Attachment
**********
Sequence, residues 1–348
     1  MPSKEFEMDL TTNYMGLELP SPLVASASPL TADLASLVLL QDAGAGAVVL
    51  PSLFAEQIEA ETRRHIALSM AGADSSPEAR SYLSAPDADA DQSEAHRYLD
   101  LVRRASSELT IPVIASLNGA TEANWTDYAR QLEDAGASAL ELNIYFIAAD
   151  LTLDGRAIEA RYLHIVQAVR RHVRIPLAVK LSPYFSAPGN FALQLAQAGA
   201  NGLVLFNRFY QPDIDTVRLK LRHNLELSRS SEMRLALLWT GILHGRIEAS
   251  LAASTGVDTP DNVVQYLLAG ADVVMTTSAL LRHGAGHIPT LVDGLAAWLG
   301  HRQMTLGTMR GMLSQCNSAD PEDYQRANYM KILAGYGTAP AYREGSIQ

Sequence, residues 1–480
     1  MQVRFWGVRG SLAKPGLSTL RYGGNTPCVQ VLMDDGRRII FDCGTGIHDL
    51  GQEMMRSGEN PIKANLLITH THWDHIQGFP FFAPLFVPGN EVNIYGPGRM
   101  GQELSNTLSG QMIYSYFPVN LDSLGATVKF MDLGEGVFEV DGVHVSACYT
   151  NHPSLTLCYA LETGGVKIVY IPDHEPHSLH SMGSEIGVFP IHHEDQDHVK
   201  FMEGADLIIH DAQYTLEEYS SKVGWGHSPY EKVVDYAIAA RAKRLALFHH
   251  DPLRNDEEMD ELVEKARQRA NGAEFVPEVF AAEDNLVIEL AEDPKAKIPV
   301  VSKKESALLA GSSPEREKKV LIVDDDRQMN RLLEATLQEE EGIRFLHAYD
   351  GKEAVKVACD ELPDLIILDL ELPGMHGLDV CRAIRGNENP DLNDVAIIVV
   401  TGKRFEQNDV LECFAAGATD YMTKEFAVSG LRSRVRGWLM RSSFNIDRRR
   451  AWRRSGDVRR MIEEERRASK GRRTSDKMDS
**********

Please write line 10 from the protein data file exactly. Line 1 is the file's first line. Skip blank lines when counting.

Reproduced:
     1  MQVRFWGVRG SLAKPGLSTL RYGGNTPCVQ VLMDDGRRII FDCGTGIHDL